I have to agree that this approach is always going to cause problems to some extent. (I speak as one who bought a B+ a week before the Pi2 was unveiled!) On the one hand it's good marketing because people like (nice) surprises, but I'd hate to be a bulk-purchaser who'd just bought a truckload of Pi2s right now.
It's the way it works in the rest of the software and hardware industry. It's better to announce late than to announce something that isn't ready on the general availability date.
I mean, don't the Foundation think that maybe a better approach in future would to let the public know that *something* new is incoming, without giving away exactly what it's going to consist of? (There, a question finally lol.) Imagine how much fun you could have teasing all us slavering fanboysngirls...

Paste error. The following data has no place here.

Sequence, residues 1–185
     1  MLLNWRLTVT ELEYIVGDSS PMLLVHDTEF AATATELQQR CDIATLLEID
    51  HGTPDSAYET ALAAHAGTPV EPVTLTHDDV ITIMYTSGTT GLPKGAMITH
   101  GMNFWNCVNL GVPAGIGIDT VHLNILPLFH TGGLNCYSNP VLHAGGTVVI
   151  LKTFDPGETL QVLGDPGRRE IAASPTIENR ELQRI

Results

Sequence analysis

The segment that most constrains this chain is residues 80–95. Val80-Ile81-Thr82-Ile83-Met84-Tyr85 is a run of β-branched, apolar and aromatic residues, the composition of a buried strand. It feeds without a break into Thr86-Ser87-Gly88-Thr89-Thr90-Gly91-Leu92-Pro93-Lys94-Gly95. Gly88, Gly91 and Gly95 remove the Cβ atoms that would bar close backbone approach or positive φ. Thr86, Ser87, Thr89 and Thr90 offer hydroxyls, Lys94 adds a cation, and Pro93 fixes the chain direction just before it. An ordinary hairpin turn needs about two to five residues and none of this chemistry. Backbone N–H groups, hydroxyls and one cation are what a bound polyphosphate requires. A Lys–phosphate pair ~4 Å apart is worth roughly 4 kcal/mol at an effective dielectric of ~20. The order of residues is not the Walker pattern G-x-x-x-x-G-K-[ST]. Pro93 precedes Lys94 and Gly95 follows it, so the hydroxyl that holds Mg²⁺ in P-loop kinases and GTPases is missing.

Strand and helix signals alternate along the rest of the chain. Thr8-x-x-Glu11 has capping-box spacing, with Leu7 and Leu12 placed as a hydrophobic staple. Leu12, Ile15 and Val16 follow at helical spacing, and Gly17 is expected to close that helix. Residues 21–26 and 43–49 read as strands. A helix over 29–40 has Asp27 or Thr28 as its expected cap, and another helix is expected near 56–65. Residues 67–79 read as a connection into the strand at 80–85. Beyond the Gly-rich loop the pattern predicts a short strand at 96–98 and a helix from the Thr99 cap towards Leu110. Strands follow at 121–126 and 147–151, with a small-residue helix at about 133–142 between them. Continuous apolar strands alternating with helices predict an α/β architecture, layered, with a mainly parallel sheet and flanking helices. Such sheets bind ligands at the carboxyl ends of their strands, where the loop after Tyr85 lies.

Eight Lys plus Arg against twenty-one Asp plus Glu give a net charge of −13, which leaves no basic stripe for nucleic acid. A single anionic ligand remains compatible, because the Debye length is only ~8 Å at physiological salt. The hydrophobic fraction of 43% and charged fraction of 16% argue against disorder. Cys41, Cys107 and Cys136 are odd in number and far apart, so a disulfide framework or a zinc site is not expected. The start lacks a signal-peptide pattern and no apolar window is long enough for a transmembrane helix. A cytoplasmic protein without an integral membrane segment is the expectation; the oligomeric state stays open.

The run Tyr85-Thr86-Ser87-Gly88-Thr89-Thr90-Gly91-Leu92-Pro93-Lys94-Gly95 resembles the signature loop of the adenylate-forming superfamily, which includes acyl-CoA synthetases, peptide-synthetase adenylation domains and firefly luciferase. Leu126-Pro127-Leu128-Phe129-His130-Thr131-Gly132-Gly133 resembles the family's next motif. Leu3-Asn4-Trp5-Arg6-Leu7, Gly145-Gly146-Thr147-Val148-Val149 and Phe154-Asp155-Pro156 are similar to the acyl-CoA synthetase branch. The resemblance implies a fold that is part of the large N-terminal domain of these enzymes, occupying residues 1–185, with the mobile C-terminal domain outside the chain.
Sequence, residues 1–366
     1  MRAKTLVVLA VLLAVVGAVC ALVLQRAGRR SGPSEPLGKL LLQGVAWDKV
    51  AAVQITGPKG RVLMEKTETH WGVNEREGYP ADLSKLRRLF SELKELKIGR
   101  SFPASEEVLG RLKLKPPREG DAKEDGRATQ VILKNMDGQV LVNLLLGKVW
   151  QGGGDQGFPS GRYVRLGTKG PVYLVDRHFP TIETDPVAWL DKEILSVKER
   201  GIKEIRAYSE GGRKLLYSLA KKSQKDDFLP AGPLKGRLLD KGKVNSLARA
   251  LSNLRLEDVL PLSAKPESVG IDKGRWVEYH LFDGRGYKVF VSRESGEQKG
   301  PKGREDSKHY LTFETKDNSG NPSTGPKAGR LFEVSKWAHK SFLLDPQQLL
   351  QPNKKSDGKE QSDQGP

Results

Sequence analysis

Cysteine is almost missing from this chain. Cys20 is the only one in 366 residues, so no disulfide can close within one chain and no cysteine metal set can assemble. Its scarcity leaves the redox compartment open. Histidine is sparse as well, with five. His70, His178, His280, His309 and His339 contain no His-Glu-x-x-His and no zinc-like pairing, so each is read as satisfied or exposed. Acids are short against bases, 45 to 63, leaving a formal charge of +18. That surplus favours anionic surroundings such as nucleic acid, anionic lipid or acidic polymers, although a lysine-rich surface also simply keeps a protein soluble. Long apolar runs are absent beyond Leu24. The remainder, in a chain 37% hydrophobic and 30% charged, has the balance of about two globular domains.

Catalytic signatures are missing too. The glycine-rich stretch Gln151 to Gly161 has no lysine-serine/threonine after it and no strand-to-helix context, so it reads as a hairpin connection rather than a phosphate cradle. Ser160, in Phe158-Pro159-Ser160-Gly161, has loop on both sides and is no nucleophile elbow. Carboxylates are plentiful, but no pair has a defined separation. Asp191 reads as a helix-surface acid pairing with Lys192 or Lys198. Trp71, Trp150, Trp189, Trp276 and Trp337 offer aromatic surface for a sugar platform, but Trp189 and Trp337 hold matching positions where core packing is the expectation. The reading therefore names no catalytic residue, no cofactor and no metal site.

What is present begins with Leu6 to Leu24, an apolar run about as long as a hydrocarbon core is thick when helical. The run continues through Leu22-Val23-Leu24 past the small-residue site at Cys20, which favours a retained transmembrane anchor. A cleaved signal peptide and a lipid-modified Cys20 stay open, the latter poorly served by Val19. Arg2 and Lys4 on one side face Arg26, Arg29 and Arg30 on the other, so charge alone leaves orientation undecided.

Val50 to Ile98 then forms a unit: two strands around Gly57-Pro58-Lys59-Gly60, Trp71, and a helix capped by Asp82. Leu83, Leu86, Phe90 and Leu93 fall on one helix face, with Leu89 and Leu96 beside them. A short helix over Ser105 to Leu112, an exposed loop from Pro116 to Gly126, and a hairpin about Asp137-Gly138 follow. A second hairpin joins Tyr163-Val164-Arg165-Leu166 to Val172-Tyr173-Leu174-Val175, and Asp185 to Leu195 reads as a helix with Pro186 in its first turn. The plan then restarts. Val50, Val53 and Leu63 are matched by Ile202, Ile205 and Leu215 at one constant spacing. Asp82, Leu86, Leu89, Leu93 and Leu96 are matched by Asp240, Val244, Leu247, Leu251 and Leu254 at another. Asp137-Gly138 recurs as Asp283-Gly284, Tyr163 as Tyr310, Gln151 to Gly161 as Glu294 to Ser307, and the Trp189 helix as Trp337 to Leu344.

Look at the complete foul up with the RPF 7" touch screen which was announced nearly two years before it was available. That made a massive dent in the Raspberry Pi Foundation's reputation and frankly made them look like a bunch of amateurs.
They can't win either way, but announcing closer to availability has better results for most folks. Their only problem now is stopping The Register doing their annoucements for them (a couple of days before the official announcement).